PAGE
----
OK, this is less a full coverage of the possibilities of dining in Richmond and more “Hey! I was in Richmond recently and happened to take pictures of these things that I ate! Yay!” (emphasis on the “yay”). I mean, I’ve got my staples that I like to hit in Richmond because I can’t find them anywhere else.
The big one is the mock sesame chicken at Panda Garden.
So I’ve been gorging on Panda Garden ever since I lived half a block away from it back in college. It’s been through a bit of history as well – the original location burnt down and they reopened a new all-vegetarian restaurant called Panda Veg across the street after that. And, just recently it seems, they started serving meat again and reverted back to the name “Panda Garden.” I love meat as much as the next omnivore, but pretty much the only thing I ever eat from there is the mock sesame chicken because it’s so incredibly amazing. I think of it less as “fake chicken” and more “delicious moist balls of joy and happiness in my mouth.” So amazing. Have yet to find anything like it anywhere else.
So, this next one is totally not related to Richmond at all. Go just an hour east of Richmond and you’ll find in the town of Williamsburg, AKA Land of Breeches, Poofy Dresses, and Outlet Malls. And, of course, amazing barbecue.
I’m sorry that the above picture is so grainy – I was lightheaded from lack of meat at the time, which greatly affected my photo-taking skills. Anyhow, Pierce’s BBQ is freaking amazing. It’s all sweet and smoky and delightful. There’s a bottle of Pierce’s BBQ sauce sitting in my fridge right now, to help me cope with the fact that the real thing is 1,500 miles away. The fries are, well, fries. Tasty, but nothing to write home (or write on a blog) about. Pierce’s sweet potato fries are apparently amazing, according to people who are into that sort of thing. But sweet potatoes and I are still in the early part of a friendship – we brush up against each other in hallways then give each other funny looks – so I cannot truly speak to the alleged deliciousness of the fries.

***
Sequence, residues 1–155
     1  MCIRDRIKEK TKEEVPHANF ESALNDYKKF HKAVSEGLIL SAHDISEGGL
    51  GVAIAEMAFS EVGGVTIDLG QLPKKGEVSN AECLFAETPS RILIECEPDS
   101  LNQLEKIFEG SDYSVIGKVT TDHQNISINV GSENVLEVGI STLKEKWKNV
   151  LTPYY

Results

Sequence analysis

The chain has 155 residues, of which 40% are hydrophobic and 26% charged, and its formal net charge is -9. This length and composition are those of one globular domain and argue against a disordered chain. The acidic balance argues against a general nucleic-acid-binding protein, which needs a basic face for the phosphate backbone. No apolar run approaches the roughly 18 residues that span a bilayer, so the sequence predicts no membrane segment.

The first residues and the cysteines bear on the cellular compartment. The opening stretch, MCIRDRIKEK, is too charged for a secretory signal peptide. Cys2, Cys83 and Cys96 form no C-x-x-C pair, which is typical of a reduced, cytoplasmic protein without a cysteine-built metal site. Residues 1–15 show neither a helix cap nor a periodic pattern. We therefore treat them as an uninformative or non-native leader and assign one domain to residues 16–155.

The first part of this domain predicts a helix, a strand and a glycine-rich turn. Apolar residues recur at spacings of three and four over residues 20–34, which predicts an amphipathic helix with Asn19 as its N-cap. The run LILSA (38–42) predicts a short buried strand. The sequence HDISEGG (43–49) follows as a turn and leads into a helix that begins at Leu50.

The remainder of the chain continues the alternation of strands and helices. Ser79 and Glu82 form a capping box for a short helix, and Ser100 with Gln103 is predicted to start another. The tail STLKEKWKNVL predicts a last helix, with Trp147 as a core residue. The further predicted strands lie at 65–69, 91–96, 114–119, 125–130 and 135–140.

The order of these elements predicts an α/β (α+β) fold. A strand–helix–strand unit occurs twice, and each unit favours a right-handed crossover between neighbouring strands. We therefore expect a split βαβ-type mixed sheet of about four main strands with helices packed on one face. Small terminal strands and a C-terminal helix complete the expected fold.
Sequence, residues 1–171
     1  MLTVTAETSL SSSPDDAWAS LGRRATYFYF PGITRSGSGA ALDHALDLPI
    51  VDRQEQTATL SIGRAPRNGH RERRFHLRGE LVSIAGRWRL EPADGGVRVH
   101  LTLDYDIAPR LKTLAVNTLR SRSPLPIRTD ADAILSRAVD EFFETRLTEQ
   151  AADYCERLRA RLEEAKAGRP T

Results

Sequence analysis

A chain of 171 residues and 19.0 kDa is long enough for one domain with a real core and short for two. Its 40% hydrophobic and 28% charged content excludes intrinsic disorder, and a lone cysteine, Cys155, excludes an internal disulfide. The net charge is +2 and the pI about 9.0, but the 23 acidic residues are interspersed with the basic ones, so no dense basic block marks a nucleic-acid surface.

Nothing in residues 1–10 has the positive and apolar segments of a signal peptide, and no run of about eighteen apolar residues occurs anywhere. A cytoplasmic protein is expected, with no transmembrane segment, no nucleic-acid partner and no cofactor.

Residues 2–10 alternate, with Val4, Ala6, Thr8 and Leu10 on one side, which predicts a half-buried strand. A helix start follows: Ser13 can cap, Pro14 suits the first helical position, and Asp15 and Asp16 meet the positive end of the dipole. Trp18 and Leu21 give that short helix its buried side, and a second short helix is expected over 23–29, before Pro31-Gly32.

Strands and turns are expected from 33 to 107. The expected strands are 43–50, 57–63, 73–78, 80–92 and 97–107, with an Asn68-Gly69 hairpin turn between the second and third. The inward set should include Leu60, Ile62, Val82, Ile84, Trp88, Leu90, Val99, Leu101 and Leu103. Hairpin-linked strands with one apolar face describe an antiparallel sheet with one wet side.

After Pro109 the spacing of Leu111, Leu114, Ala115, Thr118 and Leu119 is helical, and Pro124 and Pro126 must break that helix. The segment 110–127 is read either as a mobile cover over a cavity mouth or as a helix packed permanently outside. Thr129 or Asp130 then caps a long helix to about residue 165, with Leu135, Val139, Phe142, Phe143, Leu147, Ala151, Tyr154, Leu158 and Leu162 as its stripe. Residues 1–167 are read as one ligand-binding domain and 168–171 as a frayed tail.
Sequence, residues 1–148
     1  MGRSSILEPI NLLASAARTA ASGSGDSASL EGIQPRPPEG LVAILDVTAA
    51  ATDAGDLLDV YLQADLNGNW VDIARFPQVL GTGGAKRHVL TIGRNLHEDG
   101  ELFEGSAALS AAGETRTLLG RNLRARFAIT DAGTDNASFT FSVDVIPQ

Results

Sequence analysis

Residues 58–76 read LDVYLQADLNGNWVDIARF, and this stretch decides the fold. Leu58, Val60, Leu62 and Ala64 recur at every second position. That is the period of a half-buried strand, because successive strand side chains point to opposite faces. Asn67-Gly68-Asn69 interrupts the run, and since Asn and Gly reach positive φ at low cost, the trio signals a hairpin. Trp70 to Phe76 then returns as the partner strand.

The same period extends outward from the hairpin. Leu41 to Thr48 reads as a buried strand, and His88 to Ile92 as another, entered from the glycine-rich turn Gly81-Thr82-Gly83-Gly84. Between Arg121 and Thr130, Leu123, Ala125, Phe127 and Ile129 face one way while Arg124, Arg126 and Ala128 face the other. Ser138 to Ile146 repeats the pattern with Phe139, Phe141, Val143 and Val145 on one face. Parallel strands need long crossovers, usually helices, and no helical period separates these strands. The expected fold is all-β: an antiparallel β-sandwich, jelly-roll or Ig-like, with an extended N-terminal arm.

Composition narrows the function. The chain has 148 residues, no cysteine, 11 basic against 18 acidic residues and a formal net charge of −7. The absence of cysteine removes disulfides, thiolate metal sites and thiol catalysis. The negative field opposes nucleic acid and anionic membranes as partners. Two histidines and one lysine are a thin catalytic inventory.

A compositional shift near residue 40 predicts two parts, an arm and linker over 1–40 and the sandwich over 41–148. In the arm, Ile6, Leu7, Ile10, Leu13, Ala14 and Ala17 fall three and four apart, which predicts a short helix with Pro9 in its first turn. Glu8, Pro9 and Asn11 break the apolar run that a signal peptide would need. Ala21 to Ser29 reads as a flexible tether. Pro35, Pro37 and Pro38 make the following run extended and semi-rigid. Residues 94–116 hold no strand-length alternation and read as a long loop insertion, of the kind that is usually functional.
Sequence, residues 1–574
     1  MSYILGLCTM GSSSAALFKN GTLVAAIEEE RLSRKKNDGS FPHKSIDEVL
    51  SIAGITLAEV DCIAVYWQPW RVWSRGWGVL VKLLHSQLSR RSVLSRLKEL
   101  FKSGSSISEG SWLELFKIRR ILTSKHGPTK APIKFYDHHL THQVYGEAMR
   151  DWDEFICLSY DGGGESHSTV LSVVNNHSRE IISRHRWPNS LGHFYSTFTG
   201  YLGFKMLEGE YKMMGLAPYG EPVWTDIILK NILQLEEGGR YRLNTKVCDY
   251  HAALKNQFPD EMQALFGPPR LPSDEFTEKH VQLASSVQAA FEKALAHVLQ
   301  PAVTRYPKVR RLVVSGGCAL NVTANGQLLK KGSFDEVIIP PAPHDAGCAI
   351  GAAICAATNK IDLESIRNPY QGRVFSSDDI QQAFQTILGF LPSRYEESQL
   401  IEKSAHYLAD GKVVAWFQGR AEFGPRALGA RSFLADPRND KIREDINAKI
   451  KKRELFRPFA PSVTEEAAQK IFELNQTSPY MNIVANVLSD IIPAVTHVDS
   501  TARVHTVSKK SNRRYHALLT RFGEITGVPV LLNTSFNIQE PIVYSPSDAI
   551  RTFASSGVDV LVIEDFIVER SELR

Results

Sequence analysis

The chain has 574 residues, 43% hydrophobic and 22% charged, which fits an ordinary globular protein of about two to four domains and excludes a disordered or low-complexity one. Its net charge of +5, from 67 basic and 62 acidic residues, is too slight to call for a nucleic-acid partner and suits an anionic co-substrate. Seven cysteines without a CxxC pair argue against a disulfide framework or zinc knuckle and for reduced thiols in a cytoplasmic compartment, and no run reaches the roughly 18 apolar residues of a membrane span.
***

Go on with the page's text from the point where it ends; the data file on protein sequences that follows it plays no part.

So while I was in Richmond, I heard rumors of a gingerbread stout, made locally by Hardywood Park Craft Brewery. It became a mini-obsession while I was there. I had to figure out a place where I could drink it to make my life complete. I got to hang out with my friend Scott on Christmas Eve, and he became my partner in crime in finding a bar that served this stout. This soon turned into just trying to find a bar that was open, period (did I mention it was Christmas Eve?). Just when we were about to give up, we happened to pass by The Camel on Broad St. And, lo and behold, not only were they open, but they carried the gingerbread stout.
The stout was…OK. I wanted it to taste more like gingerbread and less like stout. But this is my complaint about all beers that supposedly have flavor. The beer is mostly interesting due to the story surrounding it. Seems that Christmas Eve is a rather strange time to go to a bar. We’re sitting there up at the bar, just drinking our beer and talking, when some dude in a Pikachu hat wanders in off the street and gets a water. I compliment him on his sweet hat, whereupon he sits down and starts talking to us. Have you ever talked to someone while they were on acid? Imagine someone who has done so much acid that this is simply how they talk all the time now, due to what I’m sure are a crapload of neurons in their head being fried together. Imagine a New Age guru who learned everything he knows from Pokemon and Avatar The Last Airbender. That was this kid. To be honest, it was pretty fascinating – my luck usually gets me the creepy-crazy types, so this was a refreshing change. Kid had no place to stay that night, so Scott lent Pikachu (the name he went by, incidentally) his couch for the night.
And, in summary, Richmond is renowned for it’s delightful cuisine and bizarre homeless people.